Ink on paper
62 x 47 cm (24 ³/₈ x 18 ¹/₂ inches)
Signed, dated and titled (lower left)
– Galleria Solaria, Milan
– Private collection, Italy
– Private collection, France
Marcel Jean was, among other things, a writer and, for a time, a brilliant exponent of Surrealism. In 1935, he produced a small group of works, mostly in pen and ink, whose quality and graphic force were peculiar to the period. New York’s MoMA possesses a fine example called L’Arbre à mains (Tree of Hands), which paved the way for the “Profile of Memory” series of engravings (1935-42).
La nouvelle Journée (The New Day) is a perfect illustration of Dalí’s paranoid-critical method: it is not simply a mere fantasy, a vestige of the night that has barely finished, but a new world that has just come into being. Everything functions through specific associations issuing from the artist’s frenzied imagination, but which reveal – rather than invent – an objective universe quite unrelated to our own.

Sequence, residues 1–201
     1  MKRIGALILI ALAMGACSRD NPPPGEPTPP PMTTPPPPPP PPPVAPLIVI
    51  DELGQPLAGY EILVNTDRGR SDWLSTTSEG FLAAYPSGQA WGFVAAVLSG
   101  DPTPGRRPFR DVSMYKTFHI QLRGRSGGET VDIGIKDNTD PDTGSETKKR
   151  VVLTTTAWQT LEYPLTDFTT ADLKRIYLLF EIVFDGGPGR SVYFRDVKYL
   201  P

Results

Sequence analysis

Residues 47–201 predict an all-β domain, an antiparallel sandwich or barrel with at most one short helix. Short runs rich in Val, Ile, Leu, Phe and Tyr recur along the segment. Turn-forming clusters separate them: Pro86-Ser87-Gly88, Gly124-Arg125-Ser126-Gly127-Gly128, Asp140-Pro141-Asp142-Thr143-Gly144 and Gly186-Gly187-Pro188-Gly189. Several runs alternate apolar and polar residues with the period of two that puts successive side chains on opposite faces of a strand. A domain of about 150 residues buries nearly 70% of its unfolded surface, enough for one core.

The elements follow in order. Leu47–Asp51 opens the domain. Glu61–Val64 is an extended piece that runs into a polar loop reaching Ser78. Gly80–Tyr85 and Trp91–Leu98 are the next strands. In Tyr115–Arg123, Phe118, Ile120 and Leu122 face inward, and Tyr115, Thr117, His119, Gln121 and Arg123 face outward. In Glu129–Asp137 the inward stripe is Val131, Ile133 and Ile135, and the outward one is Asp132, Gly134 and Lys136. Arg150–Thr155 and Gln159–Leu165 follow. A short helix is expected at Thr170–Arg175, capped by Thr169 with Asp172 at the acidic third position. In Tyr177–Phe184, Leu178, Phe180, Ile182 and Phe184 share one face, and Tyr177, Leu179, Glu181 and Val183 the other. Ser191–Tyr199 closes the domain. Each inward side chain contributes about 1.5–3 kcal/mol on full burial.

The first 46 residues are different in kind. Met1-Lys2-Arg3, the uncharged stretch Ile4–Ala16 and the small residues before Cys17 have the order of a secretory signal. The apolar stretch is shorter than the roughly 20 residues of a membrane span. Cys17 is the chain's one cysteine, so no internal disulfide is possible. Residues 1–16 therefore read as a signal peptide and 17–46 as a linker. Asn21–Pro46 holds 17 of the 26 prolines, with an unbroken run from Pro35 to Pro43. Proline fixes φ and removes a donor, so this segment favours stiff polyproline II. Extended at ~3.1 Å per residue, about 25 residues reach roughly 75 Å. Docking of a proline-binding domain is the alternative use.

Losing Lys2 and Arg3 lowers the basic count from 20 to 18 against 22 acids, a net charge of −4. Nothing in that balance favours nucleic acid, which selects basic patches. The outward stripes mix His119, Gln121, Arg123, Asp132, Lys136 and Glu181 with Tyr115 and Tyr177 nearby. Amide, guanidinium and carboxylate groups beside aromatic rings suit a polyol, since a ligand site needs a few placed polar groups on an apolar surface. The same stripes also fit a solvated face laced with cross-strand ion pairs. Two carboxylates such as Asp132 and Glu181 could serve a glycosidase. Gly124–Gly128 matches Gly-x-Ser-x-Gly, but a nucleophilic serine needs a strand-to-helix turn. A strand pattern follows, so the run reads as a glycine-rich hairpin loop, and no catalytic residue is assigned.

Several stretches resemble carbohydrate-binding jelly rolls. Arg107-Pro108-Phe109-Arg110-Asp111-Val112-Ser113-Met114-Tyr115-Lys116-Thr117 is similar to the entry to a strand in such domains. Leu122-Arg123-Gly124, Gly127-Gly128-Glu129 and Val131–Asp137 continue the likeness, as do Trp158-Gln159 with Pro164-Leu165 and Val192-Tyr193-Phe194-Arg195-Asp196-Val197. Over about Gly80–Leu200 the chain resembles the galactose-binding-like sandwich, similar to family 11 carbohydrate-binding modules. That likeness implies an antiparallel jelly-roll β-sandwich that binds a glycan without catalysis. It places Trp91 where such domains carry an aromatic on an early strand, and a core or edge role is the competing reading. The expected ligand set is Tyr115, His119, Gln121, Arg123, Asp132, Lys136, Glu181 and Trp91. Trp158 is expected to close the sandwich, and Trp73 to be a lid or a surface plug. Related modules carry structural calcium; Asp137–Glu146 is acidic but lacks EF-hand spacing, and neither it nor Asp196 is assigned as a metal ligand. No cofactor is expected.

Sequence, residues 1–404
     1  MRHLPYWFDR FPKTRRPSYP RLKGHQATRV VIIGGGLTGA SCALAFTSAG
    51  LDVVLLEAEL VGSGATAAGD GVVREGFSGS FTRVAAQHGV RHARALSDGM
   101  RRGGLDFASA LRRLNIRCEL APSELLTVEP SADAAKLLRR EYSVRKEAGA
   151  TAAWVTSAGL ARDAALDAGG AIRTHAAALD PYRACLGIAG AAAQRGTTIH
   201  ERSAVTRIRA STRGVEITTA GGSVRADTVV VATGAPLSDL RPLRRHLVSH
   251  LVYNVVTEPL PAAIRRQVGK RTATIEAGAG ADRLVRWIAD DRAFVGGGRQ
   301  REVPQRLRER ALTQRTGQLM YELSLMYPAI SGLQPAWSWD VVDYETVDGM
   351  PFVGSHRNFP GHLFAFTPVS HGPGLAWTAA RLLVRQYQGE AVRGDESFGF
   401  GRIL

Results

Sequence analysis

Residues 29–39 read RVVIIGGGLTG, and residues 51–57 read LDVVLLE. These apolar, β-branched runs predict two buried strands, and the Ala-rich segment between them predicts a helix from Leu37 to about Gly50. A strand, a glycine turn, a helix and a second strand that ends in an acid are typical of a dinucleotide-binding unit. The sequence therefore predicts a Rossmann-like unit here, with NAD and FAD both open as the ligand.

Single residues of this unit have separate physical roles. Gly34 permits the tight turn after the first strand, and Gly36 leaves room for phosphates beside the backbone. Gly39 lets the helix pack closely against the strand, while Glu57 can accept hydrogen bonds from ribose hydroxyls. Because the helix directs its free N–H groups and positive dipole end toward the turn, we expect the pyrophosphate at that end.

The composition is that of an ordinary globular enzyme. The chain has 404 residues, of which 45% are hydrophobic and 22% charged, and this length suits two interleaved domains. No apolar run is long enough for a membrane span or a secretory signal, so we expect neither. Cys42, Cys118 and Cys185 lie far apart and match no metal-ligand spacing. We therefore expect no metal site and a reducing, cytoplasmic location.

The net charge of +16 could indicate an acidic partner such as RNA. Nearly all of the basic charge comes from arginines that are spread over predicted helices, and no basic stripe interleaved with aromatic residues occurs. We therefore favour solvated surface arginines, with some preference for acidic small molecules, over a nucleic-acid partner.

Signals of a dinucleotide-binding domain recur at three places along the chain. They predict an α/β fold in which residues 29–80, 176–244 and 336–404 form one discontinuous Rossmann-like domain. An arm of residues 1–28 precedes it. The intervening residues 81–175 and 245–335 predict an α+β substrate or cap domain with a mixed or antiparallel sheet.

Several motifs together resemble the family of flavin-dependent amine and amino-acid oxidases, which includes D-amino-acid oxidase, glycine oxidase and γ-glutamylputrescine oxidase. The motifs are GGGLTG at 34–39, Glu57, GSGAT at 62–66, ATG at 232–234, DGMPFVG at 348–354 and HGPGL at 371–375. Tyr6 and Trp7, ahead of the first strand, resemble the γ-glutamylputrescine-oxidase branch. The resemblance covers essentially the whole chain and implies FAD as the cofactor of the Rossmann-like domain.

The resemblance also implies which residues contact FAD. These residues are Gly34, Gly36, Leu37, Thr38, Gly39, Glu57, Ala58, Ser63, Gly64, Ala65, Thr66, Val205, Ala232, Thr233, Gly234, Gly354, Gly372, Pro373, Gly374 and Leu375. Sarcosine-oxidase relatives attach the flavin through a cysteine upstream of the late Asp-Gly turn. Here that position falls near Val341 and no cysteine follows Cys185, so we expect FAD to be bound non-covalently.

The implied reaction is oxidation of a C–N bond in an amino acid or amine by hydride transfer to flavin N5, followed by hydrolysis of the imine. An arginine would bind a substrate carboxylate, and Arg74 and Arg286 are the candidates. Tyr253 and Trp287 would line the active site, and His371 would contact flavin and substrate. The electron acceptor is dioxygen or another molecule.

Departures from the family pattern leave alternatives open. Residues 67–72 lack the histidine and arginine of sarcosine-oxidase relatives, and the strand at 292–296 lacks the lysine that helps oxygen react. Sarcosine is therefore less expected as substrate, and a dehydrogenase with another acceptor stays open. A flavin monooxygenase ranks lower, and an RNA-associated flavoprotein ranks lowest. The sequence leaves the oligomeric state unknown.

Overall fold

This new, self-sufficient, organic world attests to the Surrealist artist’s quasi-divine status, which enabled André Breton to proclaim: “The imaginary is what tends to become real.”